Retirement Fears Remain at Historic High
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The Fiscal Times
March 13, 2012

If securing the American Dream includes a comfortable and financially secure retirement, the economy is failing nearly half of all American workers, a new survey shows.

The longest running annual survey of American attitudes toward retirement and retirement security, conducted every January by the Employee Benefit Research Institute, showed just 52 percent of Americans are very or somewhat confident that they will have enough money to live comfortably after quitting work. Despite the continuing economic rebound over the past year, it represented an insignificant change from the record low numbers expressing confidence in their ability to retire a year ago.

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When the question changed from living comfortably to financial security, things appear to be getting worse, despite an improving stock market. The number of people who were very confident they will have a financially secure retirement in January fell to 21 percent from 24 percent a year earlier, while the number who are not at all confident rose to 19 percent from 17 percent in January 2011. While the changes weren’t statistically significant, the trend was definitely in the direction of greater financial insecurity.

“There’s less false optimism in 2011 and 2012 than they had been in prior years,” said Mathew Greenwald, whose polling firm conducted the survey for EBRI. “There is an increased awareness among those who are not on track (to reach their retirement goals) and their confidence went down.”

The deterioration in retirement security is a long-running trend. The 22 years that EBRI has conducted its poll has been an era marked by declining job security, disappearing defined benefit pension plans and constant questioning about the viability of government retirement programs like Social Security and Medicare. Indeed, a generation ago, early retirement was a goal for many Americans. Today, fully 37 percent of workers expect to work past 65 compared to just 11 percent in 1991.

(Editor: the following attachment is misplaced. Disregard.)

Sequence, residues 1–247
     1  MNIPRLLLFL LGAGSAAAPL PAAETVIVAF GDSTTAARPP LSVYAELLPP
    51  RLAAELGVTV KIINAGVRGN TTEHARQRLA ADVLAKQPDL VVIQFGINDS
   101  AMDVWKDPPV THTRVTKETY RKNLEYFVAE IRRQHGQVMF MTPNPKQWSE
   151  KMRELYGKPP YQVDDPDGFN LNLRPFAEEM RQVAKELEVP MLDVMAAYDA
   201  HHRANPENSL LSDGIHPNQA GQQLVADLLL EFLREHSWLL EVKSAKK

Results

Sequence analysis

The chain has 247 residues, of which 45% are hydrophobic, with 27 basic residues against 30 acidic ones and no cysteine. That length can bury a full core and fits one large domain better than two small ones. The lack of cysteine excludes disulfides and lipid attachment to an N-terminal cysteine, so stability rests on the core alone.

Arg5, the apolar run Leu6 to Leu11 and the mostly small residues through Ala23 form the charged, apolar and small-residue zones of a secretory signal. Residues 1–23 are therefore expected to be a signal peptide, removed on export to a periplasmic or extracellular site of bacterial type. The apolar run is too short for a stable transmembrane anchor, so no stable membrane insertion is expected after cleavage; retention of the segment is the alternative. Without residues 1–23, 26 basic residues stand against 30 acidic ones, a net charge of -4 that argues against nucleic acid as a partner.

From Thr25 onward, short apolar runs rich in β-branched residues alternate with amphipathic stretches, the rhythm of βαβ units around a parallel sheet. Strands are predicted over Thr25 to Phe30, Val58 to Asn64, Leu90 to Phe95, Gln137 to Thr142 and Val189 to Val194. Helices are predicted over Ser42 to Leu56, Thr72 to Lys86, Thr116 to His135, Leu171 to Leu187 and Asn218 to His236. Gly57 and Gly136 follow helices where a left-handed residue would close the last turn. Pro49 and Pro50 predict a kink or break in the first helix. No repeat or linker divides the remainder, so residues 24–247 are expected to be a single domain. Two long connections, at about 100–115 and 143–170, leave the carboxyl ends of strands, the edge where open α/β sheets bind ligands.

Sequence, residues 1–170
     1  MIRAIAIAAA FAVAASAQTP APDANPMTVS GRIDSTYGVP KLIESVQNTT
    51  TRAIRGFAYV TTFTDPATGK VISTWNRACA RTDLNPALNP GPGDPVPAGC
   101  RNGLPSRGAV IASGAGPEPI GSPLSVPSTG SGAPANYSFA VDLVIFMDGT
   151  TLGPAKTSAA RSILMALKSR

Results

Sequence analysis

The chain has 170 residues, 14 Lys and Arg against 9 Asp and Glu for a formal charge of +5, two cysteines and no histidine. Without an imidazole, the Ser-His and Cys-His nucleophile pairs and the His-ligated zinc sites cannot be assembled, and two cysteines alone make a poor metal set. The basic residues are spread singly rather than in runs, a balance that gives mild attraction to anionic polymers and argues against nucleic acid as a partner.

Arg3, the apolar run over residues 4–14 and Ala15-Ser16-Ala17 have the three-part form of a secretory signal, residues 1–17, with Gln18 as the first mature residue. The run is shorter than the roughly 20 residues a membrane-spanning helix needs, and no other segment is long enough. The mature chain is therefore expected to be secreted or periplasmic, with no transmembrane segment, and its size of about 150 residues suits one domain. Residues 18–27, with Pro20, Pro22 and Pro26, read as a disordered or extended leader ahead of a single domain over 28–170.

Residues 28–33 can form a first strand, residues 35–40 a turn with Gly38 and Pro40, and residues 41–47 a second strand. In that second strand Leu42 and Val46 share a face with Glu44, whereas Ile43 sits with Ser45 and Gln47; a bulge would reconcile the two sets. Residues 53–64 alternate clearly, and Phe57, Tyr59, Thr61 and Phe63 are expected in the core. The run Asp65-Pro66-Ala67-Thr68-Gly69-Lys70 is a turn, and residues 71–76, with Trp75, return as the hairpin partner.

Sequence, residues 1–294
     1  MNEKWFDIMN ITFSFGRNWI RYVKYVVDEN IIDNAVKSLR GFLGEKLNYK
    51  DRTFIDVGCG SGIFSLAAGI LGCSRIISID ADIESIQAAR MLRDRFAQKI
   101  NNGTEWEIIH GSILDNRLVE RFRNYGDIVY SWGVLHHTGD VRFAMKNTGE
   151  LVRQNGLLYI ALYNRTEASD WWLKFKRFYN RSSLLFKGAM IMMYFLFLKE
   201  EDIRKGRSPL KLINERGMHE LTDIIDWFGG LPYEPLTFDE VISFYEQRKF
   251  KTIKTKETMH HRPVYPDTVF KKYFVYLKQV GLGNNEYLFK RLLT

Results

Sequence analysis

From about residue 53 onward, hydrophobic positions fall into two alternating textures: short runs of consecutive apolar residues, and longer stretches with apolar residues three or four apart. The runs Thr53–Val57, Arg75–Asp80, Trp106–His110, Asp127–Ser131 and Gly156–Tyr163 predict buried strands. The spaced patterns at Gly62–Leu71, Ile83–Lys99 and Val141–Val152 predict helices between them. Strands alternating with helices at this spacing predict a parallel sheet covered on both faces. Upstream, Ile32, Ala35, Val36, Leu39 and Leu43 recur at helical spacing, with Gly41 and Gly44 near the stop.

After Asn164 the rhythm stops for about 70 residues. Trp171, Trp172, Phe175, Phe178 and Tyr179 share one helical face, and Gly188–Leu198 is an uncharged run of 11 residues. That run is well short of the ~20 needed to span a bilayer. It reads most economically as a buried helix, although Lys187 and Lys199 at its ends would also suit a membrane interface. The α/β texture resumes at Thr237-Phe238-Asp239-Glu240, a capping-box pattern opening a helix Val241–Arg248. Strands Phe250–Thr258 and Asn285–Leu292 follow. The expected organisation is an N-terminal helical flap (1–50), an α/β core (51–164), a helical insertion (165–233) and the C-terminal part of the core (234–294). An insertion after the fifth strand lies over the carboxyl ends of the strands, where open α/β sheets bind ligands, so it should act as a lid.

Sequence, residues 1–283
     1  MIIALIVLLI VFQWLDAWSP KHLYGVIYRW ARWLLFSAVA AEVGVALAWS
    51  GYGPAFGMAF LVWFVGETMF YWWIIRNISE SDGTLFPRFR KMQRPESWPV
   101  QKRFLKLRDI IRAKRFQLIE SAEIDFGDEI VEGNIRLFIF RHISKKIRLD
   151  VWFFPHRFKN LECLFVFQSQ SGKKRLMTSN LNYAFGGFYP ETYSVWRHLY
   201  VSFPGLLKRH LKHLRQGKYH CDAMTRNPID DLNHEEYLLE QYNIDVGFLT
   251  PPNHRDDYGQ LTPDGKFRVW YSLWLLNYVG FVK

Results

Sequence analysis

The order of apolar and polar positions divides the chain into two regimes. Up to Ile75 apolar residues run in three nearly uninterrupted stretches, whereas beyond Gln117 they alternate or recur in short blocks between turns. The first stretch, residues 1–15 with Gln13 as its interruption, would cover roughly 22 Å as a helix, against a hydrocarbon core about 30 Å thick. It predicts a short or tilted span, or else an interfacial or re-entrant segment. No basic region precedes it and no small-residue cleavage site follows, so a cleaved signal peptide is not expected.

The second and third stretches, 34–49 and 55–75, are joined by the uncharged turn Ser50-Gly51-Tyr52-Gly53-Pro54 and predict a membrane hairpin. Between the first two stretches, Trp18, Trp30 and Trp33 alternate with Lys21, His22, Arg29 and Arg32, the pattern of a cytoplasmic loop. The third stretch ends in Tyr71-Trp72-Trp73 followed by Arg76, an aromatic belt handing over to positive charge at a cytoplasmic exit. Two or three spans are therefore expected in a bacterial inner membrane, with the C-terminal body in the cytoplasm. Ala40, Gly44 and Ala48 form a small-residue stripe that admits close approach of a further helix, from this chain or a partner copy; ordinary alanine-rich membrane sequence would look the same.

The Great Recession has had a devastating on families saving for retirement, according to the survey, especially among those in the lower wage brackets. Sixty-six percent of workers reported they or their spouses had something put away for retirement in 2011, which was down from 75 percent in 2009. And just 58 percent in 2012 are putting money into retirement savings plans compared to 65 percent in 2009. Virtually all the decline was seen in households earning under $35,000 a year.

Though other polls taken within the past year have showed saving for retirement is the number one financial issue for nearly half of Americans, the EBRI poll suggested otherwise. Fully 42 percent of its respondents said the uncertain job market was their number one issue.
“Retirement is not Americans primary concern right now,” said Jack VanDerhei of EBRI. “Their concern is job security.”

The poll did have one curious finding. Despite escalating talk in Washington about the need to curb entitlement programs like Social Security and Medicare, workers expressed more confidence this year than last that those programs would provide today’s level of benefits when they retire. Fully 59 percent of workers were either somewhat or very confident that Social Security would provide them with benefits at least equal to benefits received by retirees today, a significant jump of 10 percent points from a year ago.

Employees have long recognized that Medicare faces far more difficult long-term financing problems. But even there fear of the future is falling. The number who said they were not at all confident or not very confident that Medicare would provide the same level of benefits for their retirement as it does for current retirees fell from 70 percent in 2011 to 64 percent in 2012. Over the last two decades, those lacking confidence in Medicare’s ability to sustain benefits has never fallen below 61 percent.

spent 25 years as a foreign correspondent, economics writer and investigative business reporter for the Chicago Tribune and other publications. He is the author of the 2004 book, The $800 Million Pill: The Truth Behind the Cost of New Drugs.